Beanboozler was designed to test the custom rocket avionics suite designed by AerospaceNU in flight regimes close to those they’ll experience when controlling our eventual liquid-fueled rocket. I lead the design and fabrication, along with small group of teammates.
To achieve these requirements, we designed, built and successfully flew a 2.6in diameter, 5ft tall, fiberglass rocket designed to fly our avionics and data acquisition hardware at speeds up to Mach 1.5. The small rocket size made packaging all of the required electronics a challenge, and we went through multiple iterations before setting on a design. After a successful shakedown flight during Spring 2022, Beanboozler achieved an apogee of 15,584ft and a speed of Mach 1.05 at Lucerne Lake in CA summer of 2022.
Banboozler is my first fiberglass airframe rocket, was my first to fly on an L-class rocket motor, and my first rocket to fly supersonic.
Beanboozler’s mechanical design was done with a mix of SOLIDWORKS and OpenRocket, with additional fin strength calculations performed with FinSim. The embedded software for the flight computer was written in a mix of C and C++, and the groundstation UI in Python.
Beanboozler was designed to carry AerospaceNU’s custom flight computer (called the FCB) and a commercial backup computer, a backup GPS tracker, camera, and our nosecone avionics suite – all inside of a rocket just 2.5in in diameter. The rocket’s small size presented unique fabrication and packaging challenges as we balanced battery capacity and telemetry radio placement with design loading constraints.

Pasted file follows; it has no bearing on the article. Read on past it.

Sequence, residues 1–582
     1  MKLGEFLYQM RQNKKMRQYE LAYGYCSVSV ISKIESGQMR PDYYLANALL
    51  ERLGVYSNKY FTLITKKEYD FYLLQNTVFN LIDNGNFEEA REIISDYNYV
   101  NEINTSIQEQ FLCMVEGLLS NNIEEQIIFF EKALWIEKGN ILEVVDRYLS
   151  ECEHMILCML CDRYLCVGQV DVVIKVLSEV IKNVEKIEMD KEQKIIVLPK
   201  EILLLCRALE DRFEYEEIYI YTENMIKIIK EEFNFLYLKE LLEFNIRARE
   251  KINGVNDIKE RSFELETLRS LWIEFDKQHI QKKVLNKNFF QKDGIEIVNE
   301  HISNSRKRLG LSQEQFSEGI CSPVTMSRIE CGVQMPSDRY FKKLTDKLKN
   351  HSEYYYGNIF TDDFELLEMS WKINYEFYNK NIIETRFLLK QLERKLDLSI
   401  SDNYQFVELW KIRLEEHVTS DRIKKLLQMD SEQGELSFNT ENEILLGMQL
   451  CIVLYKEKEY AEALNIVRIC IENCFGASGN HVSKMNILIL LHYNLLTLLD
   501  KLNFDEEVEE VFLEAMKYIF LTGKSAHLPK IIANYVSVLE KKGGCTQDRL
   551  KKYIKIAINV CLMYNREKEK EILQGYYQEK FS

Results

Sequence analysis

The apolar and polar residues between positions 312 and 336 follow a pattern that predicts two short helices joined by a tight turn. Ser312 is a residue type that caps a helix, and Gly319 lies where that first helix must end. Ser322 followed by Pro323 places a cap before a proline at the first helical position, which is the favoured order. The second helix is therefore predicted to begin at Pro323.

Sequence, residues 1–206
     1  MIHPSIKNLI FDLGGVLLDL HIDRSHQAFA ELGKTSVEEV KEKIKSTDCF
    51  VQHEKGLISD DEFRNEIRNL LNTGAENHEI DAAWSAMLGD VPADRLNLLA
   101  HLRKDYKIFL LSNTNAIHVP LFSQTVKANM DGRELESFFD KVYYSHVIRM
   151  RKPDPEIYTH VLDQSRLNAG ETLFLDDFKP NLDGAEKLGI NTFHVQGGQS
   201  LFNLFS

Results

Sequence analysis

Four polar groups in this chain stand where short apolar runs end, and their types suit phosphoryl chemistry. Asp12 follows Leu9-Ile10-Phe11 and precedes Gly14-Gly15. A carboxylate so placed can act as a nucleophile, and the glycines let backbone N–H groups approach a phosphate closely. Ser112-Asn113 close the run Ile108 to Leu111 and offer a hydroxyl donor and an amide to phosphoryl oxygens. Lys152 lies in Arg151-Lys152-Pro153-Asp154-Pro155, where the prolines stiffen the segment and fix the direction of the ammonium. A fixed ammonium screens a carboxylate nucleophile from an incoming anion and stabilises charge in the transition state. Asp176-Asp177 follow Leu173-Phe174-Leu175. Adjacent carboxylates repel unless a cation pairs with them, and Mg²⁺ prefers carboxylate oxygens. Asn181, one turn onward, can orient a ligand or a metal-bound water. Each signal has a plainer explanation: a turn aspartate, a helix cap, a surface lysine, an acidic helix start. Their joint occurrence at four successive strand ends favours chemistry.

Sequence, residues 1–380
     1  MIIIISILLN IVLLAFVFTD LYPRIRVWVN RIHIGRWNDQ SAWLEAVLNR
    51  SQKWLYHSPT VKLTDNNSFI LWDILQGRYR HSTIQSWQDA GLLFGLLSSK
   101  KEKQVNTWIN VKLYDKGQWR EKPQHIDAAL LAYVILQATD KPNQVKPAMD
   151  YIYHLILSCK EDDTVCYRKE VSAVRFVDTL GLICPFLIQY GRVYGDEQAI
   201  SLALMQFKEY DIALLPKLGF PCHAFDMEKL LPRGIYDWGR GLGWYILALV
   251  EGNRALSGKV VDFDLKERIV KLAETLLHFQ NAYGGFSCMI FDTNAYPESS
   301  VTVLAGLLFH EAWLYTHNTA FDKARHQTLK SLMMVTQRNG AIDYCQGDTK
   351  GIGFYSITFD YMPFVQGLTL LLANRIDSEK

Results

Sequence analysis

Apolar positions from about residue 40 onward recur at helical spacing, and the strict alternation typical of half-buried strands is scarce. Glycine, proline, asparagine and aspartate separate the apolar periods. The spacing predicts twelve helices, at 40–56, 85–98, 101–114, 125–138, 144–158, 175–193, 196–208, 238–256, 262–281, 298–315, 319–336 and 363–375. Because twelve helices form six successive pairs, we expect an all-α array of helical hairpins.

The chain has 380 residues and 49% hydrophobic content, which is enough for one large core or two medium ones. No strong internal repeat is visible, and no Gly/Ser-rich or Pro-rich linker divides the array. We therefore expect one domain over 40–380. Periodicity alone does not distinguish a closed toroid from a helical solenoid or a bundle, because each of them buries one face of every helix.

The main avionics bay (above) holds the FCB (which has a GPS and radio telemetry), as well as a redundant commercial altimeter. The nosecone (below) contains the additional redundant GPS tracker, as well as our nosecone sensor suite including pitot tube to measure rocket velocity, thermocouples to measure aerodynamic heating, as well as IMUs and barometers.
The avionics bay went through multiple iterations in Solidworks, evolving from a single monolithic 3d-printed brick (left) to a sled-based design (right). A single off-center threaded rod takes the loading from parachute ejection. This increases the off-axis loading on the bay, but gets our threaded rod placed further away from the telemetry antenna (which improves radio range).